Shared Decision Making for patients having surgery

This short film describes how Shared Decision Making could help you to plan for surgery.

The decision to have major surgery can be a difficult one. This is especially true if your surgery has been deemed ‘high risk’ due to other health issues you may have. We understand that people might make different decisions about surgery depending on what is important to them.

Shared Decision Making is a process that helps support you, together with your care team, to make decisions about surgery that align with your goals for the future. You may find it helpful to watch this film a few times or with your friends and family. For more information, please ask your care team or see the information below the film.

To further help you understand how Shared Decision Making might help you plan for surgery, we have put together some commonly asked questions and answers about Shared Decision Making.

Shared Decision Making is a process that helps patients to be more involved in decisions that are made about their health care. 

It involves a 2-way sharing of information. 

  1. Your healthcare team will share information with you about what treatment options are appropriate for your specific situation. The options discussed will vary for each patient and may include surgery, radiotherapy, chemotherapy or treatments aimed at the relief of symptoms. The most appropriate treatment for you may involve a combination of these therapies. 
  2. It also involves you sharing with your treating team what factors are important to you when making decisions about treatment options.

Based on the preferences that you have expressed, your healthcare team will then make a recommendation to you about which treatment option is most likely to help you achieve your goals.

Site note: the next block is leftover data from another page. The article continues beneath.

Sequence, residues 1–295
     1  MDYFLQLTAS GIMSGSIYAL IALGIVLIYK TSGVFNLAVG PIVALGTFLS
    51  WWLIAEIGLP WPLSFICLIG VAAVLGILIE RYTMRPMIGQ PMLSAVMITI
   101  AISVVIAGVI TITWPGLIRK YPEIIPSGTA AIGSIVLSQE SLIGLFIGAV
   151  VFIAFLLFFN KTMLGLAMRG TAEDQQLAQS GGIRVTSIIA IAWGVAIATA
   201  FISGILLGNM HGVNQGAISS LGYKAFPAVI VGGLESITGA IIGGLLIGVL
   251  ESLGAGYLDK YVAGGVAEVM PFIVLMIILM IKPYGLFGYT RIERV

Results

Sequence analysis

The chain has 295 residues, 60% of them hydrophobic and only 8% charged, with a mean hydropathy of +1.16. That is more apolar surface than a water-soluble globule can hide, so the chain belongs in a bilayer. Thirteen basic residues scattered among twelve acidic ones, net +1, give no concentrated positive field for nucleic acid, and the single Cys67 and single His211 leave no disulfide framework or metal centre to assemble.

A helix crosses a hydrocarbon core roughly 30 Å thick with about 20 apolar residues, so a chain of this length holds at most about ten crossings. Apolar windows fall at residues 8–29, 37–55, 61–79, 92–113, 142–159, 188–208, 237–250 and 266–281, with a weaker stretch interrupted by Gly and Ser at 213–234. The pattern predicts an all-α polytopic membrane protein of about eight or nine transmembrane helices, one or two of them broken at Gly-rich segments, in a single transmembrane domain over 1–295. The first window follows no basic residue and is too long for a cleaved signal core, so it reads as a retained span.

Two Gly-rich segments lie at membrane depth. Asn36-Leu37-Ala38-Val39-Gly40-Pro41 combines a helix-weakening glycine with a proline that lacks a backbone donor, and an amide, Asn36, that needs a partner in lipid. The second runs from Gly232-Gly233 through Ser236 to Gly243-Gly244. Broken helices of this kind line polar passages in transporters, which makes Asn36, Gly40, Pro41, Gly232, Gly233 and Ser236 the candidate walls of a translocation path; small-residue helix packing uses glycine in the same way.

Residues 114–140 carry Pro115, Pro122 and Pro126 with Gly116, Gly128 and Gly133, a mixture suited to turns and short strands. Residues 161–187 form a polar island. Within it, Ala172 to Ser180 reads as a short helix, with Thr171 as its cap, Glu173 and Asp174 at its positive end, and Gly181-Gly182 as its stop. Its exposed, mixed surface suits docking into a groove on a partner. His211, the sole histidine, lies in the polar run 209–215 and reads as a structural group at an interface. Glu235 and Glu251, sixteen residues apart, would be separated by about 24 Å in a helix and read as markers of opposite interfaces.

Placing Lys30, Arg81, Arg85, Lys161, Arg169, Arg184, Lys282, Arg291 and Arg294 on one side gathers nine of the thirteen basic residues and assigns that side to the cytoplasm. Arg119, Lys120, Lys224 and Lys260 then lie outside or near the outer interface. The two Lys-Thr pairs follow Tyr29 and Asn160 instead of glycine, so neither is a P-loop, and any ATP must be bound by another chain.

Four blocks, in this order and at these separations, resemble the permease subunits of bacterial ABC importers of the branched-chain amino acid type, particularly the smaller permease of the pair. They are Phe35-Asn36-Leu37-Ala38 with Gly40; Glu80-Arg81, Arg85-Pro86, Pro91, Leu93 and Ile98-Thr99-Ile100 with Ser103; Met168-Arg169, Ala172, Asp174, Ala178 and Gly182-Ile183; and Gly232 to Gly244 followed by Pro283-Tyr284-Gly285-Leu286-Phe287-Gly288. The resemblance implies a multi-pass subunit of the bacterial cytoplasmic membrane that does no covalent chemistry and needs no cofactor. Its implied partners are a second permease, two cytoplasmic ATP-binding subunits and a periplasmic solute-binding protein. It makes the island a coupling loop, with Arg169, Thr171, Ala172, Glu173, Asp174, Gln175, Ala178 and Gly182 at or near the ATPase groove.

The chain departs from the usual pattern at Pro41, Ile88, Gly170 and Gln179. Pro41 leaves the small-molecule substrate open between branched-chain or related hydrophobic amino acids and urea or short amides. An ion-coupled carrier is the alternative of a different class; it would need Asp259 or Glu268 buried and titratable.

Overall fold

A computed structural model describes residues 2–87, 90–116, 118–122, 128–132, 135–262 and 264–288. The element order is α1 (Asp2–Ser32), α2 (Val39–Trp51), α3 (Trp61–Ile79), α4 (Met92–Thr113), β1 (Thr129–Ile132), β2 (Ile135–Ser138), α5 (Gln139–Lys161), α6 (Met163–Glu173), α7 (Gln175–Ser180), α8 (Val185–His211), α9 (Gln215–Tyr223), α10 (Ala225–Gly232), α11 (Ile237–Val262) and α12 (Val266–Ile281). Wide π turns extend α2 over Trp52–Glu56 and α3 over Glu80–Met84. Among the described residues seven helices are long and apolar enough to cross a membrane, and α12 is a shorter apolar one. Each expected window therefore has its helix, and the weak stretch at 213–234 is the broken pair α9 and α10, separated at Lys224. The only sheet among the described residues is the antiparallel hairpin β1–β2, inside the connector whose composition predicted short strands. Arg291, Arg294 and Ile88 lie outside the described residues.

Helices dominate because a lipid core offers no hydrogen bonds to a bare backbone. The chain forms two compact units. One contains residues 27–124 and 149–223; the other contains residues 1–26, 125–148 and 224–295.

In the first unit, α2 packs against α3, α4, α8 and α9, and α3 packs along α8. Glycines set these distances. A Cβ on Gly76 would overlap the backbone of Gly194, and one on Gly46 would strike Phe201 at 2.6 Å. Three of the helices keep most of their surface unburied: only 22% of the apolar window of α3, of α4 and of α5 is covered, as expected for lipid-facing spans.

This process often works in partnership with our other programs here at Peter Mac which aim to improve your physical, emotional, nutritional and general health before your treatment. 

These include: 

Here at Peter Mac, the shared decision making process is usually made up of 3 steps: 

  1. A primary Shared Decision Making Clinic appointment:

At this initial meeting, your medical journey up to that point will be reviewed with you. We will also explore the range of possible treatment options that might be appropriate in your specific situation. This could include surgery as well as other treatment options like chemotherapy, radiotherapy or therapies that focus on symptom control. At the same time, we would also like to learn more about you. This may include discussing what your life currently looks like, what you hope to achieve out of treatment and what is important to you. Understanding you in this way helps us to make more individualised treatment recommendations. 

  1. A multidisciplinary team meeting:

This is a meeting for the different health care workers at Peter Mac who are involved in your care. This can include surgeons, anaesthetic doctors, physiotherapists specialist doctors (like cardiologists or kidney specialists) and intensive care doctors. In this meeting, your case will be reviewed and the potential risks and benefits of all appropriate treatments will be discussed. They will also discuss which treatment option might best align with what you want to achieve from treatment and what is important to you. This discussion is confidential and forms the basis of any recommendations that the team makes. You will not be present at this meeting. However, a verbal summary of the recommendations from this meeting will be shared with you at your follow up Shared Decision Making clinic appointment (see below).